Commercial Division Blog
Breach of Fiduciary Duty Claims Timely Even Though Alleged Breach Merely Renewed Earlier, Time-Barred Breaches
On May 7, 2020, the First Department issued a decision in Ganzi v. Ganzi, 2020 NY Slip Op. 02740, holding that breach of fiduciary claims were timely even though the alleged breach merely renewed earlier, time-barred breaches, explaining:
Breach of fiduciary duty is a tort claim that accrues when all the elements of the tort can be truthfully alleged in a complaint. Where there is one tortious act complained of, the cause of action accrues at the time that the wrongful act first injured the plaintiff; the continuous wrong doctrine tolls the running of the statute of limitations where there is a series of independent, distinct wrongs rather than a single wrong that has continuing effects.
Here, defendants argue that pursuant to a stipulation between the parties, the valid and enforceable 2007 and 2011 licenses merely papered or re-papered existing license agreements from 2004 and earlier, repeating identical terms, including the $6,000 annual fee, which would have continued regardless of whether the written licenses had been prepared, such that any damages sustained after 2006 were merely continuing consequential damages from preexisting breaches that occurred when each new Palm opened with established licensing terms and cannot be used to toll the statute of limitations.
However, the trial court properly found that plaintiffs timely asserted their claims of breach of fiduciary duty in connection with the $6,000 annual fee in the 2007 and 2011 licenses for the new Palms, even if defendants had earlier agreements to pay those restaurants the same fees prior to 2006. Unlike the facts in Madison Squ. Garden, L.P. v National Hockey League (2008 WL 4547518, 2008 US Dist LEXIS 80475 [SD NY 2008]), the 2007 and 2011 licenses, even if they stated the same terms, were not mere renewals of prior, written agreements. Rather, they were new and fully enforceable contracts entered into between JOMR and defendants' wholly-owned restaurants within the limitations period, as they included a recital providing that "Licensor and Licensee have previously entered into a certain License Agreement and desire to enter into a new License Agreement under the terms and conditions as herein set forth," as well as a merger clause providing that "this Agreement contains all of the terms and conditions agreed upon by the parties hereto and no promises or representations have been made other than as herein set shall be valid unless made in writing executed by an authorized officer of the Licensee or Licensor." These are formal, complete agreements that have legal effect, and any associated breach of fiduciary duty occurred upon the execution of those agreements, regardless of identical breaches that occurred in connection with prior license agreements that were in place for unspecified terms and that were superseded by the new agreements. While defendants argue that the old licenses, including the $6,000 fee term, would have remained in place indefinitely even if the agreements had not been re-papered in 2007 and 2011, such that there was no injury in 2007 and 2011, the formalizing of the licenses in 2007 and 2011 was a new, overt act that constituted an injurious breach of fiduciary duty.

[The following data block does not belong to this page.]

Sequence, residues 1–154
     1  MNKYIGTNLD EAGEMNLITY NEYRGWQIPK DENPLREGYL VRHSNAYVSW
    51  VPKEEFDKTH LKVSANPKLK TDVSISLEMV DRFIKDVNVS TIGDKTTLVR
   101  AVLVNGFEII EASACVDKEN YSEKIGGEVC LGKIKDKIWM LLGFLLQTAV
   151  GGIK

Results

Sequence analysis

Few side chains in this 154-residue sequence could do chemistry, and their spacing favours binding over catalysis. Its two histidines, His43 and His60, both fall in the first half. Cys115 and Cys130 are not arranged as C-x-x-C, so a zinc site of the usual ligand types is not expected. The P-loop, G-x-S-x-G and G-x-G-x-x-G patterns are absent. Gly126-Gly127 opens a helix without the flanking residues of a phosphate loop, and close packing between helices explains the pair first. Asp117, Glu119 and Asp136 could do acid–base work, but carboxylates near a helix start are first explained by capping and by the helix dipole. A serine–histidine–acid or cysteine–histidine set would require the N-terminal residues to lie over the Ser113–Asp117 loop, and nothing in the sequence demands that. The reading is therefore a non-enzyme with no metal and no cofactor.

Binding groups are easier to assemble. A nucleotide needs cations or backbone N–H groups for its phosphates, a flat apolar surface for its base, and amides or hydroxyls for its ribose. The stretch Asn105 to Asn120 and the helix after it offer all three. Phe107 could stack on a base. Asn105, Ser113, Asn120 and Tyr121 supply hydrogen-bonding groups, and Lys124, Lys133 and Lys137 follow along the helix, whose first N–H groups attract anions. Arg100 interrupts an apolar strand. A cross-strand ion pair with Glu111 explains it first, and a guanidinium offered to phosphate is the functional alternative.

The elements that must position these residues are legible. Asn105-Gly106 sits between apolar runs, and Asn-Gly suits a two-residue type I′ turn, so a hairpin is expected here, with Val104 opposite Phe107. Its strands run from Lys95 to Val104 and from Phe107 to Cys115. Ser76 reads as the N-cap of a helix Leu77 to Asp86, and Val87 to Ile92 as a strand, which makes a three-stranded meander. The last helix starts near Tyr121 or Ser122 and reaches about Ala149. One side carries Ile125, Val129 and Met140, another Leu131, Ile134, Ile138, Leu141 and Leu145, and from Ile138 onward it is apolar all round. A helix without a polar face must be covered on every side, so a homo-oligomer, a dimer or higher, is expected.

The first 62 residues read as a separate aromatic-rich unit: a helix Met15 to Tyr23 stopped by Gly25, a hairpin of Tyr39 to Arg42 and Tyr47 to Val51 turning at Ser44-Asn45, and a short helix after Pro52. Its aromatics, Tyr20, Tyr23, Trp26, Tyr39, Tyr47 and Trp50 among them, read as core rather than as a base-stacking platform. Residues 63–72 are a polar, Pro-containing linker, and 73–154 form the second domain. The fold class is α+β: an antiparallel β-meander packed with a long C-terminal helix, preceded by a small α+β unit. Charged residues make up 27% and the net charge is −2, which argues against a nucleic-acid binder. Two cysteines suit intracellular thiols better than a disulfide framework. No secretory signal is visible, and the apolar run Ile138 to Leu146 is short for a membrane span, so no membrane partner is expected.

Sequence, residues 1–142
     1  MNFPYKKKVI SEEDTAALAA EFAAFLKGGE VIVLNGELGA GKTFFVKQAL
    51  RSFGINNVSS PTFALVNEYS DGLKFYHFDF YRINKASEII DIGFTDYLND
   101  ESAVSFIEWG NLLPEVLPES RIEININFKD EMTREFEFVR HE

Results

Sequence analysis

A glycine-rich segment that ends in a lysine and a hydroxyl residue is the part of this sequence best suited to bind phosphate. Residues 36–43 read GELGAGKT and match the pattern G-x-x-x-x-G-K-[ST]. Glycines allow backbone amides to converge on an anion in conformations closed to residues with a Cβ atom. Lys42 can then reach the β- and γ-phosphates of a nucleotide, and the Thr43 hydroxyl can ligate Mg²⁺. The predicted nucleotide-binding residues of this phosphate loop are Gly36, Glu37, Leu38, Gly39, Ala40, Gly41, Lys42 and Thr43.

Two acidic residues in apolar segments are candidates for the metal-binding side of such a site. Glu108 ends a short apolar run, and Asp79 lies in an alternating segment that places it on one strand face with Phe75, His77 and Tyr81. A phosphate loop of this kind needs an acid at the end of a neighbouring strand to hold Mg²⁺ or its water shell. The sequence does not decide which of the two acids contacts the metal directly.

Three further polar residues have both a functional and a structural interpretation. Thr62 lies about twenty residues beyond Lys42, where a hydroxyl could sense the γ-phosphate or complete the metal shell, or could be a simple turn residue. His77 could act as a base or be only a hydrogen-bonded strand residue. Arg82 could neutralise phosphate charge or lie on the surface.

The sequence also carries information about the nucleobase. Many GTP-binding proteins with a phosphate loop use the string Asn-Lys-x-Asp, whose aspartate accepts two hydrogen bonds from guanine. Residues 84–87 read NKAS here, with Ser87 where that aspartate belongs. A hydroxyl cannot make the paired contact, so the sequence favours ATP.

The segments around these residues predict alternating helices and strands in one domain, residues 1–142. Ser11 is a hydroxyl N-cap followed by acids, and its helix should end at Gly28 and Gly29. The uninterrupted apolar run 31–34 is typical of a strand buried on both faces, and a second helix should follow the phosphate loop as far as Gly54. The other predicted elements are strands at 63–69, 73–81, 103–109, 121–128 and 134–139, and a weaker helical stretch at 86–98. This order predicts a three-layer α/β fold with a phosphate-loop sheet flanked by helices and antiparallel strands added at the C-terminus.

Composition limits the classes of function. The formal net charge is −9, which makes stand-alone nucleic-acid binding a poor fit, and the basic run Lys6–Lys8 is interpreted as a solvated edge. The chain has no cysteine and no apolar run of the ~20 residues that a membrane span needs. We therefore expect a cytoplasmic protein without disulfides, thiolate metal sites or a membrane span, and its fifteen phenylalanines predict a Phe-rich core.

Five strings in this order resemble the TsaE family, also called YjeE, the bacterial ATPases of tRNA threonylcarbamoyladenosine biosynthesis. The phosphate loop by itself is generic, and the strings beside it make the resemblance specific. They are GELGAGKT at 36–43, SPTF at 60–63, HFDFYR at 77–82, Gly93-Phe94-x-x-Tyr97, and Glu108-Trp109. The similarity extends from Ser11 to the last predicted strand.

The claims based on license agreements with third parties are similarly not time-barred.
(Internal quotations and citations omitted).
It is not unusual for the statute of limitations to be an issue in complex commercial litigation. Contact Schlam Stone & Dolan partner John Lundin at email@example.com if you or a client have questions regarding whether a claim is barred by the statute of limitations.